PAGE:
You know the story of The Town Mouse and The Country Mouse – one’s a bit flash while the other is more modest in his tastes. Well, Carlton’s latest opening manages to be both mice at the same time, if you get what I mean. Glow-in-the-dark business cards and gold leaf signage out front? Now that is flashy. And if the food weren’t so insanely well-judged and delicious I’d have a hard time accepting such ostentatious gimmicks. Luckily, substance far outweighs style at this very stylish haunt – the latest in a long line of gourmet over-achievers to inhabit the narrow space on Drummond Street. Andrew McConnell’s Three, Two, One and Nicolas Poelaert’s Embrasse might have once called this spot home, but all ghosts of restaurants past have been stripped away. The present incarnation, owned by Christian McCabe – who used to run Wellington’s sensational Matterhorn, looks slick and inviting. The false ceiling has been knocked out, the bar has moved location, a door has been revealed. The extensive facelift has resulted in black-tiled walls with stunning green borders, high wooden tables and an easy-to-perch-at bar. It is a little bit bistro, a little bit New York. It certainly stands out amid the slew of industrial chic and minimalist styling that seems to be dominating Melbourne’s food scene lately. Let’s just say a quick word about the service and then I can avoid repeating myself throughout the remainder of this post. It’s good. Friendly, assured and five steps ahead of the game, the staff are an absolute joy and happy to make recommendations or to take a step back as required. And as for the stuff coming out of Amber McCabe (ex-Longrain) and husband Jay Comeskey’s (once at South Melbourne icon St ALi) kitchen goes – wowsers. One more aside. We go through phases of slavishly following the hype – hopping from one new opening to another, and having our dining decisions dictated by whatever has been name-checked on Twitter the most – and then we go through phases where we just can’t be bothered. It’s so rare the reality lives up to the expectation in those first few feverish weeks of opening. Acland Street Cantina and Virginia Plain might be extreme examples, but I don’t think it’s uncommon to leave a new place feeling a little jaded. Our benchmark when deciding whether a place makes the grade is if we leave wishing we had spent our hard-earned cash at The Estelle instead (substitute your favourite Melbourne restaurant as appropriate). Sometimes, a place you had hoped would blow you away turns out to be a bit underwhelming, for example – dare we say it – what’s all the fuss about Little Hunter? Back to the here and now. A couple of glasses of smoky-peppery nero d’avola from Sicily ($11.50 a glass on the Thirsty menu) go down a treat and we turn our attention to the Hungry menu – both menus look great and feature the same slanting typography that appears on the front window and stoop (inviting you to ‘Come In For Good Times). There is also a kind of TRON-style grid. Whatever, it looks cool. Broken into To Start, Raw, To Share, Vegetables, Meat and Fish, and Dessert the list encourages the kind of sharing we have come to know and love. It is such a great way to try a variety of dishes and avoid the dreaded curse of food envy. Fresh warm bread with seaweed butter is served alongside the first dish of the night – steamed diamond shell clams from Cloudy Bay, black mussels, clam bisque, fennel and rosemary ($25) – and it is a great way to mop up the briny liquid and tart fennel shavings at the bottom of the bowl. A real taste of the sea this one, and great to discover such a delicious winter warmer that doesn’t weigh you down at the beginning of a meal. Couldn’t really discern the rosemary (but not sure it was necessary, anyway). Slightly sticky, rich little squares of lamb belly, dried carrots, peas, goat’s milk, pistachio and orange blossom ($22) came next. Dried might be an understatement when it comes to the carrots – there were dehydrated until black and had an amazing teeth-coating texture. Heaps of flavour in something so innocuous? Yep, and the orange root vegetable continued to excel itself in our second meat dish – blackened pork jowl, smoked carrot kimchi, cos, green apple and peanuts ($23). All the warmth and fermented goodness of the Korean stalwart without the nose-burning pungency. A great Asian slant on a broadly Mediterranean menu. When we aren’t comparing places to our favourite restaurant (I won’t repeat it), we are judging a restaurant on the quality of their vegetables. That’s right. When you are paying double figures for a few potatoes you want them to a delicious dish in their own right. And that was exactly what we found here. Kipfler potatoes cooked in toasted hay, buttermilk, crisp sage and almond brown butter ($12). Oh my. The buttermilk and fluffy potatoes combined perfectly – honestly this was one of the standout dishes of the night. The shaved courgette and cos, parmesan, lemon, tarragon and mint ($14) provided a lighter foil to all the earthy flavours in front of us. Again, we could happily eat that side on its own. We were really torn when it came to dessert and eschewed the chocolate offering in favour of lemon and yuzu curd, white chocolate, burnt coconut, spiced rum and coconut sorbet with a crackable meringue outer ($14) – there was a whole lot going on here, which worked really well in unison but was a bit too much or not enough when tasted in isolation. The cubes of spiced rum jelly, for example, were eye-wateringly boozy until teamed with soothing flakes of white chocolate and the creamy sorbet. Meal finished, bill paid and last dregs of wine drained from the glass we found ourselves sad to leave. So strong were my separation issues I managed to leave still clutching my napkin. At least I have something to remember one of the best dining experiences in Melbourne by, and another reason to head back soon (as if we needed another one).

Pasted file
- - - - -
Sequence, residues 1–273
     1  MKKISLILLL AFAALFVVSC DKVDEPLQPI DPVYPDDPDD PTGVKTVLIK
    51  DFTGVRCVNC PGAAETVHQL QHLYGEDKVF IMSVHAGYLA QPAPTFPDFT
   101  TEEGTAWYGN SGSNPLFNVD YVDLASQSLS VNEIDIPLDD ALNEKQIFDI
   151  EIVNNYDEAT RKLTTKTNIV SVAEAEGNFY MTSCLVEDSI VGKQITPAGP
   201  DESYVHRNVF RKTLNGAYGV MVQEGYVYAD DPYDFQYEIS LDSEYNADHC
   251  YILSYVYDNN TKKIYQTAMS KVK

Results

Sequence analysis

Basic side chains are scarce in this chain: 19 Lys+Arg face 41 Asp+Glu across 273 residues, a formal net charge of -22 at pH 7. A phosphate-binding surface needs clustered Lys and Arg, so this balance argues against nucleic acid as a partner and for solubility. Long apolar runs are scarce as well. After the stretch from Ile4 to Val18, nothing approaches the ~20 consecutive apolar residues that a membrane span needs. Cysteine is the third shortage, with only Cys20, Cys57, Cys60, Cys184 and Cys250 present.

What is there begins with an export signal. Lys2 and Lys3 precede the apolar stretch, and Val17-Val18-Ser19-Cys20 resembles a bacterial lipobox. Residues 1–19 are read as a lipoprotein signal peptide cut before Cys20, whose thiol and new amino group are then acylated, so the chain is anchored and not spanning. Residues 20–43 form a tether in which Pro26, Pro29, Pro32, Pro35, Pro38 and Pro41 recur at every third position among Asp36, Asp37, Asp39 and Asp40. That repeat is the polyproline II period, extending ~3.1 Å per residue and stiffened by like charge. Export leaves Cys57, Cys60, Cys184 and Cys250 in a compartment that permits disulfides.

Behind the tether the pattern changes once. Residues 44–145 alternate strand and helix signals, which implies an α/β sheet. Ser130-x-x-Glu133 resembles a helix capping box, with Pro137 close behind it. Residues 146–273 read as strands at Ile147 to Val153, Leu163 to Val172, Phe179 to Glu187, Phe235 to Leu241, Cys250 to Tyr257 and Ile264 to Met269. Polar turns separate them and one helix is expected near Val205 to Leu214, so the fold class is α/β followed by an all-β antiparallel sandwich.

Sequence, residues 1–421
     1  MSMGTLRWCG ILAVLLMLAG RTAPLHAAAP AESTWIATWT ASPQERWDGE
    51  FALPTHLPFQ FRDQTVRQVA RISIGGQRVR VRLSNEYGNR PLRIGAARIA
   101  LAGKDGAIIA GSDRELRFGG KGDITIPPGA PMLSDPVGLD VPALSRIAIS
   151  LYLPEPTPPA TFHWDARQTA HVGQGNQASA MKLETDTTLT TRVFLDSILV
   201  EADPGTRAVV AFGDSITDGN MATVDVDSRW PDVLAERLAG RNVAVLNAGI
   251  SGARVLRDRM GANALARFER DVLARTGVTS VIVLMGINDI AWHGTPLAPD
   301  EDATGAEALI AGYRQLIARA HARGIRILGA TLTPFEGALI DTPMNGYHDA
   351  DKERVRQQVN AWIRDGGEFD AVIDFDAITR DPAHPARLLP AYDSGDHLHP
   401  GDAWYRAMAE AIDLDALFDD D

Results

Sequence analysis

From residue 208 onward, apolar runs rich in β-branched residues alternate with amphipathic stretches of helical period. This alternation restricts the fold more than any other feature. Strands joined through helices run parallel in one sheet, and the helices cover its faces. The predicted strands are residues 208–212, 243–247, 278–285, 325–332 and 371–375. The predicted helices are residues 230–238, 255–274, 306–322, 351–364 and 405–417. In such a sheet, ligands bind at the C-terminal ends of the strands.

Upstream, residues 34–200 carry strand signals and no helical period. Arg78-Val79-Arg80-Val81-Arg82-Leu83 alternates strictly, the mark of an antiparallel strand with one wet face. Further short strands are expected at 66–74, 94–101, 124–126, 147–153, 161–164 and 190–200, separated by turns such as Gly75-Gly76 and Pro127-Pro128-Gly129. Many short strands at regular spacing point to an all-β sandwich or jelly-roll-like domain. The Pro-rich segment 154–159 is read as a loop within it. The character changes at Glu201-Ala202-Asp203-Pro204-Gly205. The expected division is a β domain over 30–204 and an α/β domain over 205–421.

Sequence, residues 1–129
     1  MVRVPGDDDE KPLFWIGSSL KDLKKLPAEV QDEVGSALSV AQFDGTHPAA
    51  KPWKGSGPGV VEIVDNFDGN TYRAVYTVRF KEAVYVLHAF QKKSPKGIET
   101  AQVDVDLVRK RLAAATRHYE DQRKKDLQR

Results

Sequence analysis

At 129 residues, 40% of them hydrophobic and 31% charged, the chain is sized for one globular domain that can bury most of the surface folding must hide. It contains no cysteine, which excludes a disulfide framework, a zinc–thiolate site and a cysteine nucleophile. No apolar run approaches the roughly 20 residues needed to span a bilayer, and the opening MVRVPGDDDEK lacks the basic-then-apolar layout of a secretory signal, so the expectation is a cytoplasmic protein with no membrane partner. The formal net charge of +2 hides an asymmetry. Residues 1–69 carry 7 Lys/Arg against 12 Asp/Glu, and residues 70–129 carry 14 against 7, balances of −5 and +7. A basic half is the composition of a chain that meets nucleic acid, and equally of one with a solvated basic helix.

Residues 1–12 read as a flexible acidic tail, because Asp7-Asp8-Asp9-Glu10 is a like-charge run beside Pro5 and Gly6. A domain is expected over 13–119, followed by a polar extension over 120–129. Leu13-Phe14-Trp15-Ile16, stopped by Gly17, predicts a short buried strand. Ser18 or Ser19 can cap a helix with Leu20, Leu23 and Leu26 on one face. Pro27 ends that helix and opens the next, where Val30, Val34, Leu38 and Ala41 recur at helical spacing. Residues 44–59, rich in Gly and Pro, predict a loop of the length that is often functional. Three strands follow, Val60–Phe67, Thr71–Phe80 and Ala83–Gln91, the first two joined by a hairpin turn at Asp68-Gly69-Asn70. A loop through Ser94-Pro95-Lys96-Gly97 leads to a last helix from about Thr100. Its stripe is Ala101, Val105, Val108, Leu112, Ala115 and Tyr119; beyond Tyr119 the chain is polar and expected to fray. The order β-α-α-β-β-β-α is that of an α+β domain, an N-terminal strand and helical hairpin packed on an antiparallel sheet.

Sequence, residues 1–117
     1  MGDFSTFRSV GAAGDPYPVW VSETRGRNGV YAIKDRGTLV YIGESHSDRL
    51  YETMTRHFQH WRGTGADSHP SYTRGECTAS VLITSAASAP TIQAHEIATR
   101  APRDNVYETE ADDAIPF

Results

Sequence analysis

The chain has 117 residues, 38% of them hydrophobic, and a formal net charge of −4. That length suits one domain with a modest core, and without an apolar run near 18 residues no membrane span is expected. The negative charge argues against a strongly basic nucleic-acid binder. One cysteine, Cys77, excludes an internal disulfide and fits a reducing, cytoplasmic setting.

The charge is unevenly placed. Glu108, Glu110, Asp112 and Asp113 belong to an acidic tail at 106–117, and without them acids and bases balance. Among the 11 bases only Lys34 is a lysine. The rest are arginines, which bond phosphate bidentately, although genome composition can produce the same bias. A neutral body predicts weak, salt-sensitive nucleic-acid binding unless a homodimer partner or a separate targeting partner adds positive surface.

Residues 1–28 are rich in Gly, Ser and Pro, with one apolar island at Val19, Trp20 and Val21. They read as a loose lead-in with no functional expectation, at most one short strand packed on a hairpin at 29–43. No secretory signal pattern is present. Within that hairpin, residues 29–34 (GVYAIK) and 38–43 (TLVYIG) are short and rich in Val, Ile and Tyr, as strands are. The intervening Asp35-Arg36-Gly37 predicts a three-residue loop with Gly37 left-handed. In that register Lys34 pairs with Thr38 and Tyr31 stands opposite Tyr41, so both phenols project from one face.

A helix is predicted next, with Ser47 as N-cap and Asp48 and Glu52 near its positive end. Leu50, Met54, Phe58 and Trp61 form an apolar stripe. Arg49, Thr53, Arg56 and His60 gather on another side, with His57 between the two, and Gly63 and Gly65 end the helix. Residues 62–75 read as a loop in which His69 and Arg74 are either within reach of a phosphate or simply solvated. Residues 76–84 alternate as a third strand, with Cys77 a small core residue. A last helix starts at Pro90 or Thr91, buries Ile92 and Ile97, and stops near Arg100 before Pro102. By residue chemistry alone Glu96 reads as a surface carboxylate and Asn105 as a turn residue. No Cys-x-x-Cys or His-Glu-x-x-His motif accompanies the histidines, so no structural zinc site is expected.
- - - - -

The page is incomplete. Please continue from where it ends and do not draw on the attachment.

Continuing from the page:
The Town Mouse 312 Drummond St, Carlton Ph. (03) 9347 3312